I wasn't quite sure what to expect when I saw The Boys Are Back, a new film based on the memoirs of writer Simon Carr. From the looks of the trailer, it stars the handsome Clive Owen as a bereaved father trying to navigate parenthood on his own, which sounds endearing but only vaguely engrossing. What I found, though, was a much more complex story about love, loss, and making the best of a tragic situation.
Joe Warr is a sports journalist with a successful career, a beautiful wife named Katy (Fraser), and an adorable young son. His life is shattered, however, when Katy succumbs to her battle with cancer. Barely able to handle his own grief, he must also take over the sole responsibility of parenting, something he has little practice with due to his demanding job. New to the world of rules and discipline, Joe decides to adopt a more relaxed attitude and a mantra of "just say yes." This works (sort of) for a while, allowing him to reconnect with his precocious son Artie. Things slowly start to unravel, however, as the demands of parenthood, his career, and his strained relationships begin to overwhelm him, particularly after the arrival of Harry, his son from his first marriage.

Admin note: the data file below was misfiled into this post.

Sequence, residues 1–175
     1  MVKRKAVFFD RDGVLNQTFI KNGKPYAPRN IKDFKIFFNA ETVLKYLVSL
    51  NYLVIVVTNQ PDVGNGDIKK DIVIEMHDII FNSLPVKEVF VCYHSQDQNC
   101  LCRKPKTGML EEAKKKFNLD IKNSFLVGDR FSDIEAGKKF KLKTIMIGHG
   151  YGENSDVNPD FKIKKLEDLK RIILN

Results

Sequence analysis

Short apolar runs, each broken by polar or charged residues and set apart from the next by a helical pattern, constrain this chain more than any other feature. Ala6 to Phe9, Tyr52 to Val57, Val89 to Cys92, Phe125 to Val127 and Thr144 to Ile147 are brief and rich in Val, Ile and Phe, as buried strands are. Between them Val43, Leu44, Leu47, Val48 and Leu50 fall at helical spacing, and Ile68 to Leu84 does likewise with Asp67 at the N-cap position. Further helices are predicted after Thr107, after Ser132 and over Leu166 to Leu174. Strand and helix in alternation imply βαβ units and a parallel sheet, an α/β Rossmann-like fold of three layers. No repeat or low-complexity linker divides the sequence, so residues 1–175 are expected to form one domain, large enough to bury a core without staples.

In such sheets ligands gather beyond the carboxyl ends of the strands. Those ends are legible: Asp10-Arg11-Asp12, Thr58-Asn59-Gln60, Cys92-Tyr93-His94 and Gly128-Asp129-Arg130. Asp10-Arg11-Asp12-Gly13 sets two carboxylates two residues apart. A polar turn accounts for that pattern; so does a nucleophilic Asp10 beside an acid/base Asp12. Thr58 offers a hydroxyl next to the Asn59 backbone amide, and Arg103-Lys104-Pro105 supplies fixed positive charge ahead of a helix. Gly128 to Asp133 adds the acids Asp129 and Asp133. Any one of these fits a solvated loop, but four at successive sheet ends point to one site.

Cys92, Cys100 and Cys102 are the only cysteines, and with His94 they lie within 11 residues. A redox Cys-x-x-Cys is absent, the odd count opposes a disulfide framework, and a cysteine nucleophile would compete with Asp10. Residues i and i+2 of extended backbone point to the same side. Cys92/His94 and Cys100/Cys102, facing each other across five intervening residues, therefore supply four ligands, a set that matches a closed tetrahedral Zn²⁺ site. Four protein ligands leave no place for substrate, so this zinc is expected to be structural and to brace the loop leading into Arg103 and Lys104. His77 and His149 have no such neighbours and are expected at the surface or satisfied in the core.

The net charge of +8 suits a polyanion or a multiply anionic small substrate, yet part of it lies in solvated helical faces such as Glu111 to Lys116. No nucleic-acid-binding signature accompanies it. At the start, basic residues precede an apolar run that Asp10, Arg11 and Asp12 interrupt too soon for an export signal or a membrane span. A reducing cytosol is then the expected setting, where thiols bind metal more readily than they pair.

To further complicate matters, Joe isn't always an easy character to like. We soon learn that he fell in love with Katy and got her pregnant while still married to Flick, Harry's mother, and consequently left them both. After Katy's death, he befriends Laura (Booth), a single mother of one of Artie's classmates, but soon he's taking advantage of her kind nature and expecting her constant help, oblivious to the fact that she is developing feelings for him. Throughout the film, Joe grapples with poor decision-making that is a direct result of inexperience along with a vague sense of selfishness. What keeps the audience rooting for him is how painfully aware he is of his shortcomings and that he appears to be genuinely sorry for the mistakes he has made. His desperate attempts to build a solid life with both his sons while putting his own feelings of loss on the back burner give him a much needed air of grace and redemption.
The Boys Are Back is an enjoyable story, and Clive Owen is perfect as the flawed but persistent and loving Joe. The film was beautifully shot within the lush backdrop of South Australia and is accompanied by an understated but appropriately bittersweet score. Academy Award nominated director Scott Hicks (No Reservations, Shine) keeps the story from falling into cheesy, Hallmark-inspired territory by injecting each scene with a gritty realism that keeps the audience engaged throughout the film. The result is not only a gentle lesson in responsibility, but also in learning to let go and enjoy the time we have with those we love, occasionally embracing life with the innocent enthusiasm of a child.